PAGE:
And I was there for a very significant moment, able to help my Nana to make her new apartment a home. Wow.

Wednesday, August 01, 2012

All Is Relative

Life is so relative. Yes, there are times at home when I feel like I have a lot of kids, but I don't usually think too much about it.

Until I leave my bubble. Today, as we traveled from Charlotte, North Carolina to Los Angeles, the mantra of the day was "One, Two, Three, Four, Fi...."

That's what I kept hearing over and over again. We stepped out of the airport van and before I even had both feet out of the van I heard, "One, Two, Three, Four, Fi..."

Interrupting them with a giggle in my voice, I said, "Five, Six. Yep, there are six of them." And I exited the van to see the incredulous curb check-in guys with fingers in the air, counting my kids.

And that was just the beginning.

Yes, it's a bit of a challenge to travel with so many, and there are many moments that make us laugh.

Just one to share today.

Josh and his mom took a few of the kids shopping for school clothes the other day. We realized, after the fact, that it was the first time in his life that Eliav was in a clothing store.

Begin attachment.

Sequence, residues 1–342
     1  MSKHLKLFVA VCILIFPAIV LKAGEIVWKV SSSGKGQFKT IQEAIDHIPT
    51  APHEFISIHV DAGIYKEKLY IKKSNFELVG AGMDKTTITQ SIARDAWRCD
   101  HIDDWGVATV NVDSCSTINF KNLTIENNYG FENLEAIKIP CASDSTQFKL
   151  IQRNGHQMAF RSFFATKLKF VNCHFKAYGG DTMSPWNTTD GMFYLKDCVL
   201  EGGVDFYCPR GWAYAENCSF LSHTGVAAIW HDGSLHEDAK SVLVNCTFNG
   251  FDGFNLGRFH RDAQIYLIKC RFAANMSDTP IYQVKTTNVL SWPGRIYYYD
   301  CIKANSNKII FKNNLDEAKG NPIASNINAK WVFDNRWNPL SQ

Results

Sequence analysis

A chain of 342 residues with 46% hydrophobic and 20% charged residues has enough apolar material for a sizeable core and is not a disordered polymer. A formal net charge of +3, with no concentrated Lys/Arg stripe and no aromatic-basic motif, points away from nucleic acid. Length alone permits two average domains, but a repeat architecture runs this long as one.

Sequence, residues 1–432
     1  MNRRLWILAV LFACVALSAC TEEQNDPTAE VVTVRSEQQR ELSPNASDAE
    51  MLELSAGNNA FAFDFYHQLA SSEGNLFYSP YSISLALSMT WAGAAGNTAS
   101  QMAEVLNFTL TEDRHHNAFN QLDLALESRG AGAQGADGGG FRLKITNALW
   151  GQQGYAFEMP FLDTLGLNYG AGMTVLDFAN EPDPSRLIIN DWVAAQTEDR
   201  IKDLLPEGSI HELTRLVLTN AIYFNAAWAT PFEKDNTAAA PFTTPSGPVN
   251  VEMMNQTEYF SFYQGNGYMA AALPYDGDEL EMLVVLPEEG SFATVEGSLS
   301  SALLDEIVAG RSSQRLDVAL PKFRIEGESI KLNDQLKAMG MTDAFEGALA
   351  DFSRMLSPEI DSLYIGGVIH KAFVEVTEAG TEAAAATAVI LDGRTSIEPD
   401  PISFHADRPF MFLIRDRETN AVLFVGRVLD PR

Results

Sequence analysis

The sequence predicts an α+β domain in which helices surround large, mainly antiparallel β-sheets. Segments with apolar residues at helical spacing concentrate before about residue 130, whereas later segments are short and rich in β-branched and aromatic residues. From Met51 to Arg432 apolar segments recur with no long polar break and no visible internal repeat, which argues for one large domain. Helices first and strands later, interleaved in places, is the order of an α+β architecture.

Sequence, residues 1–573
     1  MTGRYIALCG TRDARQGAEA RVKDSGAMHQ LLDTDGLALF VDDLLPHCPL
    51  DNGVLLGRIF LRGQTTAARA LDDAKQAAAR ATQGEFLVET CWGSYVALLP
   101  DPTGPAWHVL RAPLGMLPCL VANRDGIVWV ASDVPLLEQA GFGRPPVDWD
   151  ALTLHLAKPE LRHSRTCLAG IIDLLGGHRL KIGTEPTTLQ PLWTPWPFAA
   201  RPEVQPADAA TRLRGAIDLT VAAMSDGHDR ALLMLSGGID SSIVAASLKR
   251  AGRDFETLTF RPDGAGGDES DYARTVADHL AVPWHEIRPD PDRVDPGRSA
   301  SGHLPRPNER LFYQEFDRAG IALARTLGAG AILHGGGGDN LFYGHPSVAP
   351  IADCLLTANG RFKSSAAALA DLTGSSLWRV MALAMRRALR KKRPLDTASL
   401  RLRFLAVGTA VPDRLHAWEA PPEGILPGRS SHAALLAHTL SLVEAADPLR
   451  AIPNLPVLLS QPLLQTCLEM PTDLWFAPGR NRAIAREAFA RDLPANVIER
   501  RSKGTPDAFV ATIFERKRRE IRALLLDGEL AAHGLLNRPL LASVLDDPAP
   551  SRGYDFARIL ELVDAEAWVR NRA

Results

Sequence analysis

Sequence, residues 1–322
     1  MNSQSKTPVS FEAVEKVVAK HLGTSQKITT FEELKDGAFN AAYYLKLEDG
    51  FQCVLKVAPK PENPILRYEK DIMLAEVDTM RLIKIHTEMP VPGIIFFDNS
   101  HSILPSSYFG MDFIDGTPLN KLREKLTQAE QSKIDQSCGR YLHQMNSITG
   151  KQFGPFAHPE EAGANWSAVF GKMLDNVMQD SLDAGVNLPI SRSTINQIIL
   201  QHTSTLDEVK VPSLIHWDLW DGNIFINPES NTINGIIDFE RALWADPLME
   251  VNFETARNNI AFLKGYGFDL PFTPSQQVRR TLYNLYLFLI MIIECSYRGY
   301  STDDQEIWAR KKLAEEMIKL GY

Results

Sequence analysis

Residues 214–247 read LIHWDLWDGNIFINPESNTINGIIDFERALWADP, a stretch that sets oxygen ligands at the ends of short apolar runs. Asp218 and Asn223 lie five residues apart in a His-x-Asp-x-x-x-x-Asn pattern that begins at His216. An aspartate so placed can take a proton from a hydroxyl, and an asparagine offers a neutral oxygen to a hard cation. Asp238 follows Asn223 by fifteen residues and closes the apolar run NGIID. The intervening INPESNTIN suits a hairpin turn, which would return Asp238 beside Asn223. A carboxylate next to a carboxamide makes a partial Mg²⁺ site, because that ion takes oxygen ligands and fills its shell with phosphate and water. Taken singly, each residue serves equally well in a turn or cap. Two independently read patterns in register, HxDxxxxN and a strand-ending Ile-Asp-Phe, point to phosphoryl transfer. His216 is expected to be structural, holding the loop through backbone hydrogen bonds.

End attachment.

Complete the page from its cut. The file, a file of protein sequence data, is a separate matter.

He's six next month. Never stepped foot in a store.

How is that possible? Well, Josh's parents buy the kids all of their clothes and I rarely go to a store for the kids. And when I do go, I definitely don't drag them along.

So, when they walked into the department store, Josh said that Eliav grew very quiet. He had the look of "And what the heck is this?" and "How did they find such a huge amount of clothes" on his face."

When they picked out clothes and told Eliav that he should go try them on, he looked at them like they were crazy.

"In a room?" he asked. "But won't other people see my underwear?"

Josh tried to explain that he would have the dressing room to himself, and Eliav went off, very tentatively.

While they were out shopping, Josh also caught Matan trying on coats and ties. Laughing, as if he were dressing up like a clown, Matan soon attracted the attention of his brothers, all of whom started getting into these "silly" clothes and prancing around. Most people in Israel don't wear coats and this was another hysterical experience to watch.

In our daily lives, the way that we live seems normal. The experiences that our children have are typical; the number of them is, in itself, run-of-the-mill. It is, therefore, a fascinating and eye-opening experience when we step out of our regular lives and see the world from the outside. Some of the experiences crack us up; others make us feel awkward and like a zoo exhibit; while still others make us appreciate many of the unique qualities that we have raising this pack of boys where and as we are.